Croakey thanks “Hannah Swarts” – a health policy analyst who must remain anonymous because of a job that does not allow public commentary – for providing this overview of developments in the health reform debate:
“The Crawford School at the Australian National University recently hosted a health reform featuring such speakers as John Deeble, Ian McAuley, Stephen Podger, Paul Dugdale, Adrian Kay and Ann Neville. Videos and powerpoint presentations can be found here.
The presentations and discussion raised similar issues to what was reported about a similar forum hosted by the Menzies Centre for Health Policy and Sydney University.
Once again, concerns were raised about the boundaries of the local hospital networks (LHNs) and Medicare Locals and the lack of detail about ‘how’ the proposed reforms will work, in particular the relations between LHNs and Medicare Locals. The need for common governance structures was canvassed and strong political leadership was considered integral to success.
Although there are many recurring themes in discussions by health policy analysts and advocates about the shortcomings of the reform, the seminar also highlighted:
- Compared to other OCED countries Australia has an over-reliance on hospitals and the reform package entrenches the role of hospitals in the health care system. Under the proposed reforms, the Commonwealth has done little to address chronic illness or accept responsibility for prevention
- The role of private health insurance and private hospitals has not been articulated in the reform or the implementation strategy. We were reminded again of how the incentives for PHI and subsequent increase in membership made little difference to admissions to public hospitals
- The role of the States has changed significantly under the reforms from being hospital providers to program managers. Yet despite this, there is little understanding or information about the role of the States and their relationships with the various bodies that will be established (or even their relationship with the Commonwealth)
- The reforms have not adequately addressed the inconsistency of copayment policies for consumers or the broader issue of ‘cost-sharing’ between governments and consumers for the provision of health care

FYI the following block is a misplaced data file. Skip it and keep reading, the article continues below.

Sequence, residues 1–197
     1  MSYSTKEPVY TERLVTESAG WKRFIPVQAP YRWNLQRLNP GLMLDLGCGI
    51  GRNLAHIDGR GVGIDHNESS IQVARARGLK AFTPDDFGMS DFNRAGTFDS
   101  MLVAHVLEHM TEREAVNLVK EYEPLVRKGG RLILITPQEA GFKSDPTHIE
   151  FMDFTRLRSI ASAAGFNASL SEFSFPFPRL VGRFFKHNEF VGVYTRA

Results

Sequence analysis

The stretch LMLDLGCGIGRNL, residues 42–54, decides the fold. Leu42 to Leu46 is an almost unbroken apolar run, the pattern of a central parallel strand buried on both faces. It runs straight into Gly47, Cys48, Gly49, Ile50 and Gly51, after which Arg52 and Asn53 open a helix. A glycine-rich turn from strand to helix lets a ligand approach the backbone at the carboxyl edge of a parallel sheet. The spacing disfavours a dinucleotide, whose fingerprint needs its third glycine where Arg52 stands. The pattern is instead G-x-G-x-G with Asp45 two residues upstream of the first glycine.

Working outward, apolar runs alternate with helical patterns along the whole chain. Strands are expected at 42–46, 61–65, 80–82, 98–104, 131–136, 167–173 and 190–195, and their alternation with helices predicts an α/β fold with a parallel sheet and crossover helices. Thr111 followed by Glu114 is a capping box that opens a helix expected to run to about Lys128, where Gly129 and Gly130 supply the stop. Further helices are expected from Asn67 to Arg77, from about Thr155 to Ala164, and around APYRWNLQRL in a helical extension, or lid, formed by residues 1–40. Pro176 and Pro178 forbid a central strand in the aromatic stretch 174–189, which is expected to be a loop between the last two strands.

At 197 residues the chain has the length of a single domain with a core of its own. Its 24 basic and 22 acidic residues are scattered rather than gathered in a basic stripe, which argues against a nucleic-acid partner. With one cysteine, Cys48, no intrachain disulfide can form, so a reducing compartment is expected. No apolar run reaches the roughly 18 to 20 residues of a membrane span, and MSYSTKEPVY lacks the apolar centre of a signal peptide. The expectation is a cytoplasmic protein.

- As ‘primary care’ is not yet defined, there is potential for costs to be significantly more than the Government estimated which may affect funding arrangements in the long term
- It was suggested that the success of the reforms is dependent on the devolution of power from the Commonwealth to the various entities – requiring the Commonwealth to show restraint!
- Responsibility for policy development under the new structures remains undefined
- And a timely reminder that hospitals are, essentially, a political problem (a similar point was made by Stephen Leeder here) and a reflection from the NHS, that one is always ‘in the middle of reform’
Since the reform, the Government has released the implementation plan for the reform and there has been debate about implementation arrangements for the proposed enrolment of patients with diabetes. Catholic Health Australia has released its election platform, essentially arguing that the reforms have failed to address the significant inequities in health.
As the Government grapples with implementation and the establishment of the ‘Transition Office’, it remains to be seen whether the concerns of stakeholders about the lack of integration between primary care and hospital care, health inequality, poor consultation mechanisms and those articulated by various policy forums will be considered, or addressed, by Government.”
• Hannah Swarts is a pseudonym for a health policy analyst whose job does not allow public commentary.